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Ever wonder what those frequent flyer miles are worth? Well, depending on whom you ask, you can expect an array of mathematic calculations ranging anywhere from a penny to nine cents per mile. Were you to inquire of attorney Charles Spiegel, he'd likely respond they were valueless, particularly after the outcome of his recent case.
In Spiegel v. Continental Airlines, Mr. Spiegel sued the airline for $2500, claiming "breach of contract" for the company's failure to honor his request to redeem 100,000 reward miles for a flight to Rome. On motion, the City Court of Yonkers dismissed Spiegel's case. On appeal, the Appellate Term, 9th and 10th Judicial Districts, affirmed the dismissal, noting as follows:

Plaintiff alleged that defendant breached its agreement in that it failed to permit him to redeem his frequent flyer miles for a flight. However, he was aware of the fact, from prior litigation involving defendant's "OnePass Program," that seat availability was limited and might not be available on all flights, and that usage of his frequent flyer mileage was subject to capacity control. He failed to demonstrate that defendant in any way breached the terms and conditions of its agreement
A review of the airline's "Travel & Upgrade Reward Rules," reveals that the number of reward seats available for redemption are exclusively within the company's discretion and control. Continental's policy provides, in relevant part, as follows:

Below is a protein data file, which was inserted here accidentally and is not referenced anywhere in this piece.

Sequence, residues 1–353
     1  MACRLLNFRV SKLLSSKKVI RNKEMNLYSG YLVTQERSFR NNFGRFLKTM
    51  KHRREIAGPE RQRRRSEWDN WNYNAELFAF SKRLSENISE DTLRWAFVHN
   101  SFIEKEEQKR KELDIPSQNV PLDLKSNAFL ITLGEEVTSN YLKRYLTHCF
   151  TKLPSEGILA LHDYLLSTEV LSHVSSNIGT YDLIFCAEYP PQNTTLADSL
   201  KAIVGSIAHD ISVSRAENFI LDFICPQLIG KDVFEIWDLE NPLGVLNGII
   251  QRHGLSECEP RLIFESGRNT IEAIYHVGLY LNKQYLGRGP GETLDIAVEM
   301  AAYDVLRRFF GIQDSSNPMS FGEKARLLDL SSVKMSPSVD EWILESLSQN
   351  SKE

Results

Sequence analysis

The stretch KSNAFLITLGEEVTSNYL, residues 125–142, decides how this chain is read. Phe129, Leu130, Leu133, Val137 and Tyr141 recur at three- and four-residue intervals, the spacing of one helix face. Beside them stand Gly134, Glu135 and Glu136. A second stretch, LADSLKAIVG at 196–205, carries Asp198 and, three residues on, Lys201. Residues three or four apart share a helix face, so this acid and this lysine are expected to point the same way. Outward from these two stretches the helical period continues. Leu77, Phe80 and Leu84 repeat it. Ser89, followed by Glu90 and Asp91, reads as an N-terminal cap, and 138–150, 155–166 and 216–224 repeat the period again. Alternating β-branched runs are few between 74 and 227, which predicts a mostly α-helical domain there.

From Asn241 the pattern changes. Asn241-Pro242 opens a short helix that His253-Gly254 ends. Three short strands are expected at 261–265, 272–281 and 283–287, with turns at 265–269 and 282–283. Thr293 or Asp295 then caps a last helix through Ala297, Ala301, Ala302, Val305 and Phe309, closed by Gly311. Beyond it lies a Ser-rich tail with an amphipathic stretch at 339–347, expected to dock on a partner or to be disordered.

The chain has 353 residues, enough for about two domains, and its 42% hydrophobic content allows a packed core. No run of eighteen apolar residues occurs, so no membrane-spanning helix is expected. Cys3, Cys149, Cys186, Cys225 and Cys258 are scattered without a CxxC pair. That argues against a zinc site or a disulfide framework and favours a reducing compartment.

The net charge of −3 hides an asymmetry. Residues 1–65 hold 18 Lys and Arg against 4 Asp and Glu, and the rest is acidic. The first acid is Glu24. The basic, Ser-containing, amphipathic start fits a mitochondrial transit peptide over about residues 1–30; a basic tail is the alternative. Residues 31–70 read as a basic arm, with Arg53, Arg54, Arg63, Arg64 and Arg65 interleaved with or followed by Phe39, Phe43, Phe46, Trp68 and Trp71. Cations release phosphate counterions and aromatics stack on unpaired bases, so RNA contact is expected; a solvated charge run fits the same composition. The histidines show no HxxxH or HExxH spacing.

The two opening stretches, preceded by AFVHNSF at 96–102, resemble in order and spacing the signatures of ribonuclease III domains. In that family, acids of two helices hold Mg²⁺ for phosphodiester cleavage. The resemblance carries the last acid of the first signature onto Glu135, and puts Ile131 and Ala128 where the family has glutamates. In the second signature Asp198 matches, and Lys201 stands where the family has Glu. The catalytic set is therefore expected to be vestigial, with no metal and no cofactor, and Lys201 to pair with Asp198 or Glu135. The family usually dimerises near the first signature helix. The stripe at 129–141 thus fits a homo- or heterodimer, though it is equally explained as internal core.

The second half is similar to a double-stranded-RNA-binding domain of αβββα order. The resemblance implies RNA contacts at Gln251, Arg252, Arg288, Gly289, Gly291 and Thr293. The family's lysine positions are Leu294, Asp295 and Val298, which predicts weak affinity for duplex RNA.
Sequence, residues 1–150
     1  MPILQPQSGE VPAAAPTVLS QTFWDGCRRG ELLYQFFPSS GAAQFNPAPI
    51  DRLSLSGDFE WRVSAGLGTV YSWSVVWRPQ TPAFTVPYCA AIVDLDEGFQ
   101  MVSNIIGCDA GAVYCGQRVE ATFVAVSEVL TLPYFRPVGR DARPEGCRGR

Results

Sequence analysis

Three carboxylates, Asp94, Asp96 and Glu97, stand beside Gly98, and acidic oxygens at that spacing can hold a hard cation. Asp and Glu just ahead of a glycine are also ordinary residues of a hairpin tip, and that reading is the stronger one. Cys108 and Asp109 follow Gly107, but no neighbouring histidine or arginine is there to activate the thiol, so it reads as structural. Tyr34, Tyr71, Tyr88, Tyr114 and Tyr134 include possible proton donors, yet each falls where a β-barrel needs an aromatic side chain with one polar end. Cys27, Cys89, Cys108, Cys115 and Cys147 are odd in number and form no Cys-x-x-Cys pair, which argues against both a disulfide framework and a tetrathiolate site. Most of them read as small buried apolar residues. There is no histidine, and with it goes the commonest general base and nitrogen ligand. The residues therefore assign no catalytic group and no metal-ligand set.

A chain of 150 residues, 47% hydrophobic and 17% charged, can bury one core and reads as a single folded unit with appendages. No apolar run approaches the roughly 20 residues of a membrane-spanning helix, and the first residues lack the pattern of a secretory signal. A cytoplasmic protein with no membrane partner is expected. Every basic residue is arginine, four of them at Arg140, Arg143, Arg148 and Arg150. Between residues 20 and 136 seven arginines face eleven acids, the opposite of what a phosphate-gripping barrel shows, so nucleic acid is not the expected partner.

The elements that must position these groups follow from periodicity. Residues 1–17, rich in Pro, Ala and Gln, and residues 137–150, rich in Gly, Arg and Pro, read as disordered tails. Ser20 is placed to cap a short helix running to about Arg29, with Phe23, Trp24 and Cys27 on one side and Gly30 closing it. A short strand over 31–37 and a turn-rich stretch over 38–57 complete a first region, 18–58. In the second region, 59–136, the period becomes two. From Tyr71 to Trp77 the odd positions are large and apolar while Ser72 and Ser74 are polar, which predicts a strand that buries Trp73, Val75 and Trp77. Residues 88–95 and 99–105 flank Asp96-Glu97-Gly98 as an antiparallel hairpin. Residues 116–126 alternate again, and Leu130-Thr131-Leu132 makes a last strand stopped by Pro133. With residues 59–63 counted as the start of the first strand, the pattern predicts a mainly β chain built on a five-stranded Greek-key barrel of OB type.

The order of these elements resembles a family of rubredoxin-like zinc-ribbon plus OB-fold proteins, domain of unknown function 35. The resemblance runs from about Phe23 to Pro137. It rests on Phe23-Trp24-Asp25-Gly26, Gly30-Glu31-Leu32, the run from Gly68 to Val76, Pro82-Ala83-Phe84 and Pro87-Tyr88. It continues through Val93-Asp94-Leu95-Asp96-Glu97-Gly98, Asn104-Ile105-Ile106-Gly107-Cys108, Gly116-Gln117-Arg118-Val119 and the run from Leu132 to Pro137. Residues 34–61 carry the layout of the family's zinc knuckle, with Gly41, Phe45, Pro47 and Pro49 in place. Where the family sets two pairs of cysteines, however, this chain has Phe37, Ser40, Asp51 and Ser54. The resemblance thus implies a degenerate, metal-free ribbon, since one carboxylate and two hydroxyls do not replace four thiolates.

Capacity Controls
Capacity-controlled seats are limited and may not be available on all flights. Reward usage, including upgrade travel, is subject to capacity controls, which may limit the number of seats available. If seats in the special fare class designated for rewards are not available, you may request an alternate flight or date. Standard Reward travel is subject to capacity controls determined and adjusted at Continental's sole discretion and there may not be Standard Reward seats available on all flights. It may be more difficult to reserve a Standard Reward seat at peak times of the year and/or to popular destinations. The actual number of reward seats can vary from flight to flight, or over time on a particular flight.
So, it seems to us, that neither Spiegel nor his case was destined to fly.
For a copy of the Appellate Term's decision in the Spiegel v. Continental Airlines, please click on the following link: